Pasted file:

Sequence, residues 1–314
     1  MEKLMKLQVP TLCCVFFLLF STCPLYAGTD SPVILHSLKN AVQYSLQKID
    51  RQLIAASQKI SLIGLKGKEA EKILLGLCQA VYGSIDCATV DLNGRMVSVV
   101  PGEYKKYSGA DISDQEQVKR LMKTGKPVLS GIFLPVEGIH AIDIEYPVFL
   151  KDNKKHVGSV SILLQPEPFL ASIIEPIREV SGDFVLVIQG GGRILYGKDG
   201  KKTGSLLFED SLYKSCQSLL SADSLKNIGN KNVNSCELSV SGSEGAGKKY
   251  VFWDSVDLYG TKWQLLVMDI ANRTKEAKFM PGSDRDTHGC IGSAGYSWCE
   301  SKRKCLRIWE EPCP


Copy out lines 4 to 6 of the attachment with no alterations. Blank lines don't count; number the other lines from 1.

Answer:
   101  PGEYKKYSGA DISDQEQVKR LMKTGKPVLS GIFLPVEGIH AIDIEYPVFL
   151  KDNKKHVGSV SILLQPEPFL ASIIEPIREV SGDFVLVIQG GGRILYGKDG
   201  KKTGSLLFED SLYKSCQSLL SADSLKNIGN KNVNSCELSV SGSEGAGKKY